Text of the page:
Attorney General Bob Ferguson visited eighth-grade students at Bellevue’s Open Window School (OWS) to talk about their work on HB 1074 (raising tobacco age) and discussed their interest in the executive and legislative branches of the state government.
Students offered their voices and opinions on HB 1074, which increased the smoking and vaping age from 18 to 21, a bill that was subsequently passed on March 29. Through the TVW Capitol Classroom project, representing lobbyist Al Ralston read eighth-grade students’ statement at the Senate ways and means hearing on Friday, March 15. The students were then invited by Gov. Jay Inslee to attend the signing of the bill on April 5.
TVW’s hands-on civics education program Capitol Classroom teaches students how to participate directly in the state legislative process by connecting them with professionals in Olympia via TVW video conferences. In Capitol Classroom, students and teachers work with lobbyist volunteers to choose legislation to support, oppose or amend. Then, through TVW video conferences, students communicate with their lobbyists during the session and track the legislation. The goal of Capitol Classroom is to provide a rich and immersive learning experience by investing students in the state legislative process.
Eighth-grade students Elsie Bencke and Swadesh Sistla said they enjoyed being a part of Capitol Classroom.
“It was great to realize that people our age can make a change,” Bencke said. “It was really inspiring to hear our words being spoken [at the Senate ways and means hearing.]”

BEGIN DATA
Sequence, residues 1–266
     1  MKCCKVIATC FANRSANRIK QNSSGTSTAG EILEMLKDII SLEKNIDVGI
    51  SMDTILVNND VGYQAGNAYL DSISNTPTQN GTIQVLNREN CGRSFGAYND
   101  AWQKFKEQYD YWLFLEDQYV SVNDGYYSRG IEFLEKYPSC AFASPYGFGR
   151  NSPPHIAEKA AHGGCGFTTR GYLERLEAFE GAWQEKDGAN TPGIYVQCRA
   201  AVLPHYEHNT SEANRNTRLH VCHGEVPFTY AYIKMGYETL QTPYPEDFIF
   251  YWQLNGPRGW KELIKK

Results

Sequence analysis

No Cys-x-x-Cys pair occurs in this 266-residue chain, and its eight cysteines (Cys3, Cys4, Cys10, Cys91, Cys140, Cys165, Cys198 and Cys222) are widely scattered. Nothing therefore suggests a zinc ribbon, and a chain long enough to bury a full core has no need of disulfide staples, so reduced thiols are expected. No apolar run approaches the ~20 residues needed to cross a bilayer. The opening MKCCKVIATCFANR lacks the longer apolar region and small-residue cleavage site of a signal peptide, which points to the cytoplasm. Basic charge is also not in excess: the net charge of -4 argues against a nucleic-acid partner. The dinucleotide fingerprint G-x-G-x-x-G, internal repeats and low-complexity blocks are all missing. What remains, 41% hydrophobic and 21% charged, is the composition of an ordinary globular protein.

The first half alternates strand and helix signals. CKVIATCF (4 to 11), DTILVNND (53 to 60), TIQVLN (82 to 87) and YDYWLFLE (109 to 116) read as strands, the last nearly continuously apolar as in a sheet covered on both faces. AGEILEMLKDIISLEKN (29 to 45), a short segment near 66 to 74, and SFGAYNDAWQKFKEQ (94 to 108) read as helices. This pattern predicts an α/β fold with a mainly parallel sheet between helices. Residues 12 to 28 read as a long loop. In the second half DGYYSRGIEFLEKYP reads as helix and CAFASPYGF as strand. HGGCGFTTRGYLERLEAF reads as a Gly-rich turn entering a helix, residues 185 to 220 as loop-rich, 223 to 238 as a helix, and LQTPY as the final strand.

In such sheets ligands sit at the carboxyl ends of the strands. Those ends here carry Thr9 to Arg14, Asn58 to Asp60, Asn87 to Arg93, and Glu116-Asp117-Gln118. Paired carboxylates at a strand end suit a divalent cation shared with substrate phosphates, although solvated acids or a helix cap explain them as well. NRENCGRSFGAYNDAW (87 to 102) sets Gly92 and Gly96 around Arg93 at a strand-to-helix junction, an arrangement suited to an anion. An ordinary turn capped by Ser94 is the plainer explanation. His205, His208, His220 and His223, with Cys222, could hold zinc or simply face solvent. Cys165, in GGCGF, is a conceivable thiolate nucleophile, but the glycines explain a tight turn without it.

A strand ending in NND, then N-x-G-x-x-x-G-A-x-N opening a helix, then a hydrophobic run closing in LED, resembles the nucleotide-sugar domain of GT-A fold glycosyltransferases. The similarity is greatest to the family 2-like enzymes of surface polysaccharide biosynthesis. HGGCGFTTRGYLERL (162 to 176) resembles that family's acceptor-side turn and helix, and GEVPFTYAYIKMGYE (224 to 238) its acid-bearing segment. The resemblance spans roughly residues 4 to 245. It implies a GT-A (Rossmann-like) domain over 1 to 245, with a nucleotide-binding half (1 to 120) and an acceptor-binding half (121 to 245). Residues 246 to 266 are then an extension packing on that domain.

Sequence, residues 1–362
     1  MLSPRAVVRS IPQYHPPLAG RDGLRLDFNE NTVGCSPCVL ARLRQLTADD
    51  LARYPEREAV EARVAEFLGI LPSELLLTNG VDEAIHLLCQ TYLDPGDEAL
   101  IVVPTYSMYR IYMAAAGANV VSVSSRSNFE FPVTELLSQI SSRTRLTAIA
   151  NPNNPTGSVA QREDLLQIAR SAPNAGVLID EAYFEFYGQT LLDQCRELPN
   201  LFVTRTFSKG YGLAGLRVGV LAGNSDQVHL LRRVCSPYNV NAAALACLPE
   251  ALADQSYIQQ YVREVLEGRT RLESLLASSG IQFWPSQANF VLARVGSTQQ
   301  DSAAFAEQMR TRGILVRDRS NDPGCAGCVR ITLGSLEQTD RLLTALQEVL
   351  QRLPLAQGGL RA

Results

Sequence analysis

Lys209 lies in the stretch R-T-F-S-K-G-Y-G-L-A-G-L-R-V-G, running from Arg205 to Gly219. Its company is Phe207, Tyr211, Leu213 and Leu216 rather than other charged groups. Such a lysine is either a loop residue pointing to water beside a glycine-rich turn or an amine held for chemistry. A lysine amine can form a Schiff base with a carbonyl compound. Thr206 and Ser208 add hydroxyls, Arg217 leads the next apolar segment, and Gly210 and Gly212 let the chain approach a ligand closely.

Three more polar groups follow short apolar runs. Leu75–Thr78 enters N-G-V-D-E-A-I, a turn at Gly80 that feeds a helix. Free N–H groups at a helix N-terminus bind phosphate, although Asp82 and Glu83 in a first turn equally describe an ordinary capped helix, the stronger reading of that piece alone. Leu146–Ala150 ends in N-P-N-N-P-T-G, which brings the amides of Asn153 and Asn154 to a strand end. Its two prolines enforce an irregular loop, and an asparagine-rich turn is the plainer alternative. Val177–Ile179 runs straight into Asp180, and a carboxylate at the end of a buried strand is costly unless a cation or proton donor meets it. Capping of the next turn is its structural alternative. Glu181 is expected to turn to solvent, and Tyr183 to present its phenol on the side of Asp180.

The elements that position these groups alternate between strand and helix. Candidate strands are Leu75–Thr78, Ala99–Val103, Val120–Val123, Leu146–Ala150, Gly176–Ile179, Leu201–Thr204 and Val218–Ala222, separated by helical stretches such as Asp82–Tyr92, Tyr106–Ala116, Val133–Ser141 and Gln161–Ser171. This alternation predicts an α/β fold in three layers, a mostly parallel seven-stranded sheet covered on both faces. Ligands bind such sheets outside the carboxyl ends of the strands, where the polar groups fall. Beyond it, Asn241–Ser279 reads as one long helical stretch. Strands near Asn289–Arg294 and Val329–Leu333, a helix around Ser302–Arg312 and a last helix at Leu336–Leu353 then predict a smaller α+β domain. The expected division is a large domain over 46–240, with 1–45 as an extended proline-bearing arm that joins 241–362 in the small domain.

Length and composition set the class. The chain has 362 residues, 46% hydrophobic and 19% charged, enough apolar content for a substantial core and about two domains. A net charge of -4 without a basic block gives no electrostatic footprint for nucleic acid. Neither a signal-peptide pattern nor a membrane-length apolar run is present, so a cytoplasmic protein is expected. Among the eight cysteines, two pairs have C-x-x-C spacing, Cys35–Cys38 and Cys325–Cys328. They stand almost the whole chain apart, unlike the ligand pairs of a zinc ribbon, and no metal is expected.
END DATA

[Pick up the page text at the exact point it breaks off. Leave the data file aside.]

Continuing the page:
Sistla mirrored Bencke’s sentiment saying, “This experience has taught me that I can have an impact and that if I work hard enough I can effect change.”
Corey Paulson, OWS Capitol Classroom teacher, said she’s proud of her students in their work to support the bill.
“This is the second year the class has followed this bill. I was glad when this class chose to pursue this bill this year,” she said. “They’re really passionate about what’s going on and how it’s going to affect them.”
The students said they felt important with Attorney General Bob Ferguson visiting them.
“It was great to hear him explain and give advice,” Sistla said. “The visit was a nice period to our class and wrap up the year.”
“It’s awesome to see someone who represents us…by him coming to talk with us it made him seem more like an everyday person,” Bencke said.
“It was really special for him to come and talk to the students,” Paulson said. “This was probably a once in a lifetime opportunity for them. He helped answer a lot of questions about the bill and government in general. I think it helped the students realize he’s a regular person.”